An international border runs between Konstanz, Germany, and Kreuzlingen, Switzerland, but residents moved freely between the municipalities before the COVID-19 pandemic. Then, in hopes of limiting infections, officials erected first one fence and, two weeks later, a second one, with a gap of several feet in between. The goal was to prevent the physical contact that these young couples managed on April 18, along a stretch where there’s still only a single barrier.
Ingmar Björn Nolting—DOCKS Collective
By Madeline Roache | Photographs by Ing­mar Björn Nol­ting
April 30, 2020 12:06 PM EDT

When Ingmar Björn Nolting saw his grandmother in early April, it was from a distance of five meters. Roswitha Erler, 80, lives in the northwestern German town of Minden and has been battling breast cancer—putting her at high risk of severe symptoms if she catches the coronavirus. “It was strange not being able to hug her,” says Nolting, who took his grandmother’s portrait outside her home. “The next time I can do that, I’ll really appreciate it.”

Inside Erler’s doorway hangs a sign that reads “I’m staying at home.” She was born five years before World War II ended, and told Nolting that life during the coronavirus pandemic feels similar to life during the post war years: everyone must stick together and do their part to keep Germany stable.

Taking his grandmother’s photo was one of the most challenging tasks in Nolting’s latest project. For the past month, the 24-year-old photographer has been traveling around Germany under strict precautions to document how different groups of people, from medical workers to asylum seekers to couples separated by newly erected border fences, have adapted to life in lockdown and sought to find some normalcy and creativity in these times.

The closed border between the German village of Sigmarszell and the Austrian village of Hohenweiler on April 18.
Ingmar Björn Nolting—DOCKS Collective
Easter services are held at a drive-in cinema in Düsseldorf on April 10, as church services have been prohibited throughout Germany since March 16.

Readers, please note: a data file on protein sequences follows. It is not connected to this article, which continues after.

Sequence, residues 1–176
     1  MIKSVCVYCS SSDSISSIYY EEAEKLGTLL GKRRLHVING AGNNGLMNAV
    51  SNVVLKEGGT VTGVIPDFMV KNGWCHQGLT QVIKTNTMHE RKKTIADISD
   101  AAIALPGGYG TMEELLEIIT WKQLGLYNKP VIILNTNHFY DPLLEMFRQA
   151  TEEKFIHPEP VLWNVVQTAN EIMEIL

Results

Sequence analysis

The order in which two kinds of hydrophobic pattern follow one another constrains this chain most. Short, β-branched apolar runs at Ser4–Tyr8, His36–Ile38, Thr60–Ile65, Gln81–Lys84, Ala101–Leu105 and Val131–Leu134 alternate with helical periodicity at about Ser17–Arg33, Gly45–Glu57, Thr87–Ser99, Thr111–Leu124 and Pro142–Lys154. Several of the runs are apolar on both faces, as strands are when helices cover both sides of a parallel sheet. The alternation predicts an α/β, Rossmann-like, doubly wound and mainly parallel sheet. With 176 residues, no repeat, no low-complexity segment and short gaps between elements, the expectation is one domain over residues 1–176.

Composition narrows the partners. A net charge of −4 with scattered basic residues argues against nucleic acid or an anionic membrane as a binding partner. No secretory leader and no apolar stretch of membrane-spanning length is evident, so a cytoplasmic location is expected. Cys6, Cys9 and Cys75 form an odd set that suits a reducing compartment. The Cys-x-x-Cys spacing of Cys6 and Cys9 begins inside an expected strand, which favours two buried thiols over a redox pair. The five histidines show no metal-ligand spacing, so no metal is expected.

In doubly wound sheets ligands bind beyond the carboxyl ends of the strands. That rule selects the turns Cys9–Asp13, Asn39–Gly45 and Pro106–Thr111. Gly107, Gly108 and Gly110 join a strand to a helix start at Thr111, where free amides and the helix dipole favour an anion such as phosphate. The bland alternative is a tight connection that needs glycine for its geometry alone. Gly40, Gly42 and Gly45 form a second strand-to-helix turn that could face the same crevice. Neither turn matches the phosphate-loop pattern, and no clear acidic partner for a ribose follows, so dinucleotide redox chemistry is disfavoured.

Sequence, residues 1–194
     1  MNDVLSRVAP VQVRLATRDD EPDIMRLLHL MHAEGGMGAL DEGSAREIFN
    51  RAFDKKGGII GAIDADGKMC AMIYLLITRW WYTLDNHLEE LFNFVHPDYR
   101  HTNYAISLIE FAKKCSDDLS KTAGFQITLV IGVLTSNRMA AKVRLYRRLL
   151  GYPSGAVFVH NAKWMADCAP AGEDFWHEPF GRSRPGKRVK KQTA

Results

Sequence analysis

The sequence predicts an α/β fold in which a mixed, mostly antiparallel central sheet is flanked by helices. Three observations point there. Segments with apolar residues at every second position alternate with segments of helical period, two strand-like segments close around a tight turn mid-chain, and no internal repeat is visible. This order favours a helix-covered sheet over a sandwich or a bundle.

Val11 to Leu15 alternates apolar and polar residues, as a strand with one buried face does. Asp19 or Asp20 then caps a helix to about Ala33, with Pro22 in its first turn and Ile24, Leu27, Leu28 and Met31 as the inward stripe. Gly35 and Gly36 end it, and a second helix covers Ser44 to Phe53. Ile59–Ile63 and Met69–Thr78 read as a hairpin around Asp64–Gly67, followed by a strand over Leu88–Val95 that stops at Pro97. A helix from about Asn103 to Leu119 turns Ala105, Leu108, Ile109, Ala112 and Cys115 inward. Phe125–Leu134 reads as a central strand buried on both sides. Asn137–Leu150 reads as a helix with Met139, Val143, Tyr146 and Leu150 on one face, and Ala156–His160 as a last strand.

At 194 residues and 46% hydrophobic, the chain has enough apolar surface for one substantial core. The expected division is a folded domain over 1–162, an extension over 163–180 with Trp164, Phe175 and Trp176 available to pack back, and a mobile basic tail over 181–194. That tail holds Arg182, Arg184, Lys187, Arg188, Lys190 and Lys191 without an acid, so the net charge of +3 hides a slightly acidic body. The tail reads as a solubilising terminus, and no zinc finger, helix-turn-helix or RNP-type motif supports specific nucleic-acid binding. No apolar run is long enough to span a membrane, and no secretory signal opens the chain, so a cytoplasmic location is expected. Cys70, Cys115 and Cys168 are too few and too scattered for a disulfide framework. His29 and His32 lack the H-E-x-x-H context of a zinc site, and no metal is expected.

Ingmar Björn Nolting—DOCKS Collective
Mohamed and Saleh, both from Syria, photographed during quarantine at a refugee reception center in Suhl on March 27. More than 500 residents in the center have been under quarantine since March 13, after one resident was confirmed to have coronavirus.
Ingmar Björn Nolting—DOCKS Collective
Every Sunday, members of a church brass band "Posaunenchor Essingen” play at the same time around the town Essingen, as they cannot meet in person. Andrea and Rainer Zube, pictured here on April 19, play in a meadow.
Ingmar Björn Nolting—DOCKS Collective

Germany recorded its first case of coronavirus on January 21. More than three months on, there have been 160,059 confirmed infections and 6,314 deaths, according to April 29 data from Johns Hopkins University. Although Germany is Europe’s second largest country, with a population of 84 million people, it has managed to keep its outbreak relatively under control compared to its neighbors. Widespread testing and strict lockdown measures have meant Germany’s death rate is far below France, Spain, Italy and the U.K., which have each lost more than 20,000 citizens.

From March 16, Germany’s public life started to shut down. The country sealed off its borders with France, Germany and Switzerland on March 16, while Chancellor Angela Merkel urged people to stay at home and banned church, synagogue and mosque services. Days later, non-essential shops and restaurants were shut and gatherings of three or more people were barred. Under Germany’s 16-state federal system, only state and local governments can impose curfews. In some states, a full curfew was introduced, banning people from leaving their homes with a few exceptions.

For Nolting, the gravity of the situation hit when Merkel gave a rare television address on March 18. “This is serious,” she said, as the number of confirmed infections hit 5,800. “Since the Second World War—no challenge to our nation has demanded such a degree of common and united action.”

“That’s when I understood it was going to be very different from everything else I’ve experienced,” Nolting says. It’s also when the 24 year old photographer decided to document how life in Germany was changing, driven by a “need to visually document this in a more comprehensive, personal way.”

Hospital beds are set up on April 4 at a new hospital for treating coronavirus in an exhibition hall at the Hannover Messe trade fair in Hannover. Five hundred beds will be available across two halls.
Ingmar Björn Nolting—DOCKS Collective
Markus Küstner, an undertaker, is seen on April 17 before a funeral in the mourning hall of a cemetery in Dachsenhausen. According to official guidelines, no more than 10 people are allowed to attend a burial and mourners must keep a distance of at least five feet from one another.
Ingmar Björn Nolting—DOCKS Collective
Michaela Schenker and her son Lucas take a walk through a forest near the village Ellenberg on April 19. Lucas lives in a home for people with mental disabilities and was not allowed to have visitors due to the pandemic. After developing symptoms of depression, his mother was able to get a special permit that allows them to meet for a walk once a week.
Ingmar Björn Nolting—DOCKS Collective

Within a matter of days, ordinary life had become impossible. “It showed me how fragile our systems are, how everything can change so quickly,” Nolting says. “People are forced to be creative when they need to be and, somehow, they find ways of doing what they love.”